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Jim Kenyon: The Strafford Advantage

Published: 9/25/2016 12:37:26 AM
Modified: 9/25/2016 12:37:26 AM

Few people, if any, have a better understanding of what Brigham v. State of Vermont stands for than St. Johnsbury attorney Robert Gensburg.

After the landmark 1997 ruling, Ross Sneyd of The Associated Press wrote, “Nearly single-handedly and with no pay, it was this soft-spoken tax lawyer who persuaded the Supreme Court to declare Vermont’s educational funding system unconstitutional.”

Nearly 20 years later, Brigham remains the state constitutional test used to determine whether Vermont schoolchildren, no matter where they live, enjoy equal educational opportunity.

Brigham is “part of the fabric of the state now,” said Gensburg when we talked at his office last Wednesday. But that doesn’t mean that Brigham isn’t occasionally put to the test. Every so often, a “community looks for an advantage,” Gensburg said.

Hello, Strafford.

Two weeks ago, I wrote about a little-known provision in state education law known as the “Strafford Amendment.” Tucked inside a larger bill, it passed near the end of the 2012 legislative session with hardly any notice.

Rep. Sarah Buxton, a Tunbridge Democrat, sponsored the proposal after being approached by Paul Perkins, an attorney who chaired the Strafford School Board at the time. Buxton’s district doesn’t include Strafford, but she serves on the House Education Committee.

The Strafford School Board was worried that legislation enacted a couple of years earlier could create a financial hardship for families in town who send their kids to Hanover High School.

Like many communities without their own high school, Strafford has long offered teens their pick of schools. Then, in the early 1990s, Strafford took the unusual step of making Thetford Academy its “designated” high school. It guarantees that Thetford Academy will accept all Strafford students and makes the town responsible for their full tuition, which totals $17,998 this year.

Under state law, however, parents who are “dissatisfied with the instruction” provided at their town’s designated high school can petition their school board for a waiver.

This year, Strafford granted 15 waivers for students who wanted to attend Hanover High. But the waiver comes with a catch: Strafford parents must agree to pay the difference in tuition between Thetford Academy and Hanover High, which this year comes to $1,277.

The change in state education law that prompted Perkins to contact Buxton threatened this longstanding arrangement. It capped what towns could pay to “nondesignated” high schools, such as Hanover, at the statewide average for union high schools. As a result, the cost to families with a student at Hanover was about to go from $200 to $6,000 a year, Perkins warned in a 2012 email to Buxton.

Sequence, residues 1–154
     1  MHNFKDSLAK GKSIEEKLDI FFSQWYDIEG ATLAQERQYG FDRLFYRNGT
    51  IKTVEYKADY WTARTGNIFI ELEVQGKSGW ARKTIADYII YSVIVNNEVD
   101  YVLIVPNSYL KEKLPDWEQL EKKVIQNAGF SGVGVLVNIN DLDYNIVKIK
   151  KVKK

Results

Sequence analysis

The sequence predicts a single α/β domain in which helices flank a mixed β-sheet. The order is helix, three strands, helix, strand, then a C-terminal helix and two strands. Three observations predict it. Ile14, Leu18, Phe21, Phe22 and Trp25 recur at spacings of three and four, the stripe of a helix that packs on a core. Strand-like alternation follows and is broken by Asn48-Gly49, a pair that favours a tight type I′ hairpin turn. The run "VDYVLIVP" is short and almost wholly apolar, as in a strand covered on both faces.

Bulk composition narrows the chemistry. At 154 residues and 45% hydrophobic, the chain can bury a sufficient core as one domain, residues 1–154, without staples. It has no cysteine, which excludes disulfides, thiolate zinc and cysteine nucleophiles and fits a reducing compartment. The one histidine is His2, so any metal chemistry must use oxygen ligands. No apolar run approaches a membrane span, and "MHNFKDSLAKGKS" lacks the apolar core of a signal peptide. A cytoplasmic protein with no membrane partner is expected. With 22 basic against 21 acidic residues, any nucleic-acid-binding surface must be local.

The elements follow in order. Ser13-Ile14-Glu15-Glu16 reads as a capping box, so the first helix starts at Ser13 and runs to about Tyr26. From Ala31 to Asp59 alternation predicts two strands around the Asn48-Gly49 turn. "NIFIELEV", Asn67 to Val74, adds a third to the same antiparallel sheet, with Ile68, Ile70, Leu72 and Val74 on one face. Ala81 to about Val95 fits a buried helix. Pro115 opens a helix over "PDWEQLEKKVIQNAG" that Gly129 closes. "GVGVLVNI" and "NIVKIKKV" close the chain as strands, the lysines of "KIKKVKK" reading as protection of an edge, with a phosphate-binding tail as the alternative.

To “level the playing field,” Buxton proposed the Strafford Amendment, which allowed Strafford to continue paying the Thetford tuition rate for Strafford students attending Hanover, leaving parents to make up the difference.

It’s not a bad deal for Strafford families with the ability to pay, particularly if they buy into the notion that Hanover High is an elite school. Without the amendment, they’d be spending an additional $3,225 this year.

Which brings me back to Gensburg, who at age 77 continues to work full time. For our meeting, I brought along a copy of the Strafford Amendment. It didn’t take Gensburg long to render his opinion — the amendment is only a paragraph.

By carving out the exception, the Legislature effectively created one set of rules for Strafford and another set for the other 90 towns in the state that offer school choice, Gensburg said. To pass constitutional muster, “there has to be some reason that Strafford should have this benefit and the other towns shouldn’t,” he said.

The benefit? I can think of a couple.

This year, by requiring parents to pay the difference between attending Thetford Academy and Hanover High, the town is saving about $20,000. That’s money that can be used to reduce property taxes, or enhance support of the town’s K-8 school.

“Strafford has succeeded in having its cake and eating it, too,” Gensburg said. He called the Strafford Amendment a “flat-out violation” of the state constitution’s Common Benefits Clause that was the basis of the Supreme Court’s ruling in Brigham. That clause is regarded as the state’s equivalent of the federal government’s Equal Protection Clause.

On Friday, Buxton said lawyers who work for the Legislature have told her that they don’t consider the Strafford Amendment to be in violation of the Common Benefits Clause.

I relayed Gensburg’s assessment to the Vermont Agency of Education. “Regarding the constitutionality of the Strafford Amendment, we are unable to comment,” a spokeswoman emailed.

I suppose an individual or group could bring a court challenge, which might be what state education officials are worried about.

Buxton, a Vermont Law School graduate, told me that it shouldn’t have to come to that: State education law allows towns to designate up to three high schools.

Strafford could simply add Hanover High to its list. But that would mean Strafford picking up the full tuition tab ($19,275, this year) for its students at Hanover High — just like taxpayers in Sharon, Tunbridge and other school choice towns already do.

“If I was on the Strafford School Board, I would seriously consider changing the policy,” Buxton told me.

Are Strafford taxpayers willing to take on the additional financial burden and, in the process, provide the Hanover High option to students from families who don’t have the ability to pay?

Or will the town continue with its we’ve-always-done-it-this-way-so-why-change-now approach to school choice?

The choice belongs to Strafford.

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